The Water Board did hear from members of the public concerned about the city pursuing groundwater south of San Angelo.  One did ask about the city's arrangement with the Tom Green County Water Control and Improvement District #1 (TGCWCID).  Water Chief Allison Strube said City Council would address the irrigation contract with TGCWCID but hopes the city could send effluent water to the district during times when the city does not need treated water for citizen use.

The City's broken pipeline to Lake Spence will remain unusable.  There are no plans to fix the intake or pipeline for the city to garner 3,000 acre feet annually.  City staff may wish to remove Lake Spence from the water supply web page after Council passed on a workable Spence strategy.

On 10-2 the city published a video on Council's strategy staring two hired guns, the lead consultant and the city's water rights attorney.  This video mentioned the city's current use of wastewater one time.

For all the discussion of process the video failed to mention City Council decided the top water supply strategy behind closed doors without any public comment.  Continuing the lack of disclosure theme was Water Chief Allison Strube who said the city wanted the water fund balance to be "closer to 75 days cash on hand or greater."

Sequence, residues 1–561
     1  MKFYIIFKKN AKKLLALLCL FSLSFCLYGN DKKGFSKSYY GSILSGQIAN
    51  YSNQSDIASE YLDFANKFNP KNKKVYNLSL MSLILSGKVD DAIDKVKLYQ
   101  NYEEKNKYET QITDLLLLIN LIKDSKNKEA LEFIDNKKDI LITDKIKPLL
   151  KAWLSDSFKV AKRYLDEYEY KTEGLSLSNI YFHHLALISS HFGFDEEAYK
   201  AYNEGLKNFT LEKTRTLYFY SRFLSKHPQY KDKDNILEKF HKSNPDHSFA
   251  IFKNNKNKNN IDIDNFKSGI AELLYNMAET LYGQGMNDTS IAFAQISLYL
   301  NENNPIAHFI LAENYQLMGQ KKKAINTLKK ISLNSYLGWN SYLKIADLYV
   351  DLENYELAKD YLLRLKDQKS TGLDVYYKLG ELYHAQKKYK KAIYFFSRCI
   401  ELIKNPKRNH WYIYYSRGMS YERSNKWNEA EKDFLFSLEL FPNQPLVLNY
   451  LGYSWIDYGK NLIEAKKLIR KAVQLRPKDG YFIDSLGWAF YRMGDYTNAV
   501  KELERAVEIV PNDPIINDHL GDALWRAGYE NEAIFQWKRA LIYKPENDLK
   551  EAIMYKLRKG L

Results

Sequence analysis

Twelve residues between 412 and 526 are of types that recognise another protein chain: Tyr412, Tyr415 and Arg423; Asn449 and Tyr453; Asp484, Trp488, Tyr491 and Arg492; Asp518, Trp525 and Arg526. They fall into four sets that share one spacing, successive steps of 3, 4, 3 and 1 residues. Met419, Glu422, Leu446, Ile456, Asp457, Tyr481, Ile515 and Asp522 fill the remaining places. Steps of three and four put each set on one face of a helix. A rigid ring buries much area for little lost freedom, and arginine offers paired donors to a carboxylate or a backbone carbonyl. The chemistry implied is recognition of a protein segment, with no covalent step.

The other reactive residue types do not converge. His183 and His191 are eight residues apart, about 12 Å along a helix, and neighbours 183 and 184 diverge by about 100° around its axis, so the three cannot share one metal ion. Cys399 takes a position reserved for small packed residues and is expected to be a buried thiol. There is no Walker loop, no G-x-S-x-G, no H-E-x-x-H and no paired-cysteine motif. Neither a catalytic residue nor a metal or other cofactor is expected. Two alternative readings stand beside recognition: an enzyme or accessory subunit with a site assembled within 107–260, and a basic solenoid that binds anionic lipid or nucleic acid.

She failed to mention the gusher of funds currently in that account, nearly $9.4 million as of 8-31-18.  That's double the amount needed for citizen water rebates cited by staff in November 2017.

How does all this nondisclosure happen under the leadership of City Manager Daniel Valenzuela and Executive Director of Public Works Ricky Dickson?  Why does City Council allow it?

Update 10-14-18:  Another level of nondisclosure arose with SanAngeloLive's piece by Yantis Green on the change.  Green is the former Executive Director of the Tom Green County Water Control and Improvement District #1.  He left the position after embezzling over $60,000 in public funds.  Author Yantis Green provided no disclosure as his history with the TCGWCID. 

Update 3-23-19:  San Angelo Live Editor in Chief Yantis Green defended his professional ethics as a journalist since 1988.